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Law protects export of sacred Native American items from U.S.

Federal penalties have increased under a newly signed law intended to protect the cultural patrimony of Native American tribes, immediately making some crimes a felony and doubling the prison time for anyone convicted of multiple offenses.

President Joe Biden signed the Safeguard Tribal Objects of Patrimony Act on Dec. 21, a bill that had been introduced since 2016. Along with stiffer penalties, it prohibits the export of sacred Native American items from the U.S. and creates a certification process to distinguish art from sacred items.

The effort largely was inspired by pueblo tribes in New Mexico and Arizona who repeatedly saw sacred objects up for auction in France. Tribal leaders issued passionate pleas for the return of the items but were met with  resistance and the reality that the U.S. had no mechanism to prevent the items from leaving the country.

“The STOP Act is really born out of that problem and hearing it over and over,” said attorney Katie Klass, who represents Acoma Pueblo on the matter and is a citizen of the Wyandotte Nation of Oklahoma. “It's really designed to link existing domestic laws that protect tribal cultural heritage with an existing international mechanism.”

The law creates an export certification system that would help clarify whether items were created as art and provides a path for the voluntary return of items that are part of a tribe's cultural heritage. Federal agencies would work with Native Americans, Alaska Natives and Native Hawaiians to outline what items should not leave the U.S. and to seek items back.

Information provided by tribes about those items would be shielded from public records laws.

While dealers and collectors often see the items as art to be displayed and preserved, tribes view the objects as living beings held in community, said Brian Vallo, a consultant on repatriation.

“These items remain sacred, they will never lose their significance,” said Vallo, a former governor of Acoma Pueblo in New Mexico. “They will never lose their power and place as a cultural item. And it is for this reason that we are so concerned."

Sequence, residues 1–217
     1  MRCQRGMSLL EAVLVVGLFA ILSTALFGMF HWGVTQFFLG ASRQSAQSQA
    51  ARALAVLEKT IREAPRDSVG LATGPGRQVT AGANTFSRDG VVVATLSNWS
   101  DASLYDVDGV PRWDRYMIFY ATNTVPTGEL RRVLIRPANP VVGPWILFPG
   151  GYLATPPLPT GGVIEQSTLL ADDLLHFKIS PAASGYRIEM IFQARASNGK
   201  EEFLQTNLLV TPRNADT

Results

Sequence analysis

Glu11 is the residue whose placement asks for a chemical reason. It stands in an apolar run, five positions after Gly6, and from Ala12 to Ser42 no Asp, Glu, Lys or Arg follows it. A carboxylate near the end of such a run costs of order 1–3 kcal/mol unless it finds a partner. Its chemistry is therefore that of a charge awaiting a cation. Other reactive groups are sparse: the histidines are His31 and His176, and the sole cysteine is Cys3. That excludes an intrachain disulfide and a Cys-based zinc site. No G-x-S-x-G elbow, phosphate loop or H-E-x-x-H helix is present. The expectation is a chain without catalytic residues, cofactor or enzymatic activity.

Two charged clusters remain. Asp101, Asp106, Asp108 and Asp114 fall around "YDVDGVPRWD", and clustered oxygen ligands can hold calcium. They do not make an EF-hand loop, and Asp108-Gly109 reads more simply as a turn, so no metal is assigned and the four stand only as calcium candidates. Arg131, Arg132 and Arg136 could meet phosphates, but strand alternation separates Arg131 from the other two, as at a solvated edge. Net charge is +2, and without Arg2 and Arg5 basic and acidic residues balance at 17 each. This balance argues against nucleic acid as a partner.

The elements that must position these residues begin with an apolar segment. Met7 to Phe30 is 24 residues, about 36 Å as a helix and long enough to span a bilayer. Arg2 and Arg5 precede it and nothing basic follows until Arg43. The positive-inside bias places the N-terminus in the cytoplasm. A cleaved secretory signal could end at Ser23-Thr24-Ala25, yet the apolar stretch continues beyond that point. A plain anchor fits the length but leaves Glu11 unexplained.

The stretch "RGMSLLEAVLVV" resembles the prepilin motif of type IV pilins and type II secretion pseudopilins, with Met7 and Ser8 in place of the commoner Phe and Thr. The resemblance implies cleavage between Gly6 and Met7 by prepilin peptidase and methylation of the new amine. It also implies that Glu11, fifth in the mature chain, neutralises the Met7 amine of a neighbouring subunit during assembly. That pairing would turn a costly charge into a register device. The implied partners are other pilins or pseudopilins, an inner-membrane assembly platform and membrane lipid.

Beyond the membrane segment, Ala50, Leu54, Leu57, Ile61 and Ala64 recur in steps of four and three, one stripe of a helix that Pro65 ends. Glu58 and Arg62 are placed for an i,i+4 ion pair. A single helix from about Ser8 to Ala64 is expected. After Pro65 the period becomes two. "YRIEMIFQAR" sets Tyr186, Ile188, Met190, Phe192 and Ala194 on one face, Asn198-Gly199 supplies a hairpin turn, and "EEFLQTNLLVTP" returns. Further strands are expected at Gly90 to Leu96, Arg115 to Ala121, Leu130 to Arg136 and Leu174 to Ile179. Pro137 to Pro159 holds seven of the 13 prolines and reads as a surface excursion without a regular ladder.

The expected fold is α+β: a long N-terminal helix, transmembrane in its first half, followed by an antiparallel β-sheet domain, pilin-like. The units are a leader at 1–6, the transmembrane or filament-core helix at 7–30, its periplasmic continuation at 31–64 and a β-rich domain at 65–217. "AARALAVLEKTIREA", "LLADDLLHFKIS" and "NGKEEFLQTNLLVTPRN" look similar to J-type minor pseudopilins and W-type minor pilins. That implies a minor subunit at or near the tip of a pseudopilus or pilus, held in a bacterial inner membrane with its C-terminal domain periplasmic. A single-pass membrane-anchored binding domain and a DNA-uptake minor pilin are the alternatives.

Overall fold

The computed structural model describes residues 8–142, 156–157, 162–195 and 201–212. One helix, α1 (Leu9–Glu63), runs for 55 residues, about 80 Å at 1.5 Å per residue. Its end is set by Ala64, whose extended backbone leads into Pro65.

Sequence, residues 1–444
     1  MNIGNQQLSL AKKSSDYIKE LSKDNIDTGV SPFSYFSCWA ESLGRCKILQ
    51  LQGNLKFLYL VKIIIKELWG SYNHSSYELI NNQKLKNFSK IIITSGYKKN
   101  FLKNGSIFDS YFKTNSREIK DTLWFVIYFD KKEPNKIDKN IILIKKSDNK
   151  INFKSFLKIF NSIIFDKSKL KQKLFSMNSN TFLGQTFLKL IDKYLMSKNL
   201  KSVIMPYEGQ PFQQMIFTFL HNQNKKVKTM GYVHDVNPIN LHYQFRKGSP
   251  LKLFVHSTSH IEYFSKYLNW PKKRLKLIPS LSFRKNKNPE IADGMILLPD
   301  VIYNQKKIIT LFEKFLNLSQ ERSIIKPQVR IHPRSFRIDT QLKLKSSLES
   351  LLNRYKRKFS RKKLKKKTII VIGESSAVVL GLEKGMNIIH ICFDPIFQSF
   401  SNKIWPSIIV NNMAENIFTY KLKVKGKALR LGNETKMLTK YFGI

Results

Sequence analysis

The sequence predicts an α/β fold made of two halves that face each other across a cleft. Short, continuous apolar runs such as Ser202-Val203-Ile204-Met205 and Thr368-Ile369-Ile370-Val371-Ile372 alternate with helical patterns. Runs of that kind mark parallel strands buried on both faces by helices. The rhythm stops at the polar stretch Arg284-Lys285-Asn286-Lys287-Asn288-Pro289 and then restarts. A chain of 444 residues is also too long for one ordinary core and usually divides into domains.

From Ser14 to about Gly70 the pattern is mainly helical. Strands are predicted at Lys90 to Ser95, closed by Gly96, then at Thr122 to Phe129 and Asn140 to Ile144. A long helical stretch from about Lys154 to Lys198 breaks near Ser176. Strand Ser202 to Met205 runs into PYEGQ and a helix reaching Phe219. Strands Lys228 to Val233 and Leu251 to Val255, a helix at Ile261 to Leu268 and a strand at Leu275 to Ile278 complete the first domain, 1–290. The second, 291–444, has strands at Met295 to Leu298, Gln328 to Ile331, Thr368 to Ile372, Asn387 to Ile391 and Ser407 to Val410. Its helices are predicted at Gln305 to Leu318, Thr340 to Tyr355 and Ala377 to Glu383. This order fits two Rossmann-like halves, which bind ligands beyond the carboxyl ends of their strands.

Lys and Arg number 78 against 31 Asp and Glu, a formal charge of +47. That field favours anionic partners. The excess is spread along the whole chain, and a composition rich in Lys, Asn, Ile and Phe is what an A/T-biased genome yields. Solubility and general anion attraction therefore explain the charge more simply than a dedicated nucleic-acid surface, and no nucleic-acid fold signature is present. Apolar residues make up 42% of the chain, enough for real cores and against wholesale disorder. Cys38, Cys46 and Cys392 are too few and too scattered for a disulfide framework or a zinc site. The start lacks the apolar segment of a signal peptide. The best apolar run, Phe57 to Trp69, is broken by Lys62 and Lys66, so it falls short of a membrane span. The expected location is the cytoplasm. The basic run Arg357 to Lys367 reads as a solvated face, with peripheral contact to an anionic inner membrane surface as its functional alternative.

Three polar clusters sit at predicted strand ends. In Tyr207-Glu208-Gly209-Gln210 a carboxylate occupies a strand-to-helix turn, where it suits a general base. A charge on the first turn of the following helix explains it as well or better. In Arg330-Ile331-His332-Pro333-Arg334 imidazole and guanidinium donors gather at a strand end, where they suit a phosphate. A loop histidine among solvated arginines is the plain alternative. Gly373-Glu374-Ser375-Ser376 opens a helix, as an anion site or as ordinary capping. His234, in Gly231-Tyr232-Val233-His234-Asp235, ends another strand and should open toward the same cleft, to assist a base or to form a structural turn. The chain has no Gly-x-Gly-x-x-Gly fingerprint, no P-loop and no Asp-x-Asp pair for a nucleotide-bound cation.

Tribes have seen some wins over the years:

  • In 2019, Finland agreed to return ancestral remains of Native American tribes that once called the cliffs of Mesa Verde National Park in southern Colorado home. The remains and artifacts were unearthed by a Swedish researcher in 1891 and held in the collection of the national Museum of Finland.
  • That same year, a ceremonial shield that vanished from Acoma Pueblo in the 1970s was returned to the tribe after a nearly four-year campaign involving U.S. senators, diplomats and prosecutors. The circular, colorful shield featuring the face of a Kachina, or ancestral spirit, had been held at a Paris auction house.
  • In 2014, the Navajo Nation sent its vice president to Paris to bid on items believed to be used in wintertime healing ceremonies after diplomacy and a plea to return the items failed. The tribe secured several items, spending $9,000.
  • In 2013, the Annenberg Foundation quietly bought nearly two dozen ceremonial items at an auction in Paris and later returned them to the Hopi, the San Carlos Apache and the White Mountain Apache tribes in Arizona. The tribes said the items invoke the spirit of their ancestors and were taken in the late 19th and 20th centuries.

The  STOP Act ties in with the Native American Graves Protection and Repatriation Act that requires museums and universities that receive federal funds to disclose Native American items in their possession, inventory them, and notify and transfer those items to affiliated tribes and Native Hawaiians or descendants.

The Interior Department has proposed a number of changes to strengthen NAGPRA and is taking  public comment on them until mid-January.

The STOP Act increases penalties for illegally trafficking Native American human remains from one year to a year and a day, thus making it a felony on the first offense. Trafficking cultural items as outlined in NAGPRA remains a misdemeanor on the first offense. Penalties for subsequent offenses for both increase from five years to 10 years.

New Mexico U.S. Rep. Teresa Leger Fernandez, who introduced the House bill, said time will tell whether the penalties are adequate.

“We should always look at the laws we pass as not static but as living laws, so we are able to determine improvements that can be made," she said.

Leigh Kuwanwisiwma, the former cultural preservation director for the Hopi Tribe, said the enhanced penalties are helpful. But he wants to see countries embrace a principle of mutual respect and deference to the laws of sovereign Native American nations when it comes to what's rightfully theirs. For Hopi, he said, the items are held by the community and no one person has a right to sell or give them away.

The items can be hard to track but often surface in underground markets, in museums, shows, and auction house catalogs, Vallo said.

He said Finland, Germany and the U.K. shared intentions recently to work with U.S. tribes to understand what's in their collections and talk about ways to return items of great cultural significance.

“I think if we can make some progress, even with these three countries, it sends a strong message that there is a way to go about this work, there is a mutual reward at the end,” he said. “And it's the most responsible thing to be engaged in.”

Jill Ryan joined KJZZ in 2020 as a morning reporter, and she is currently a field correspondent and Morning Edition producer.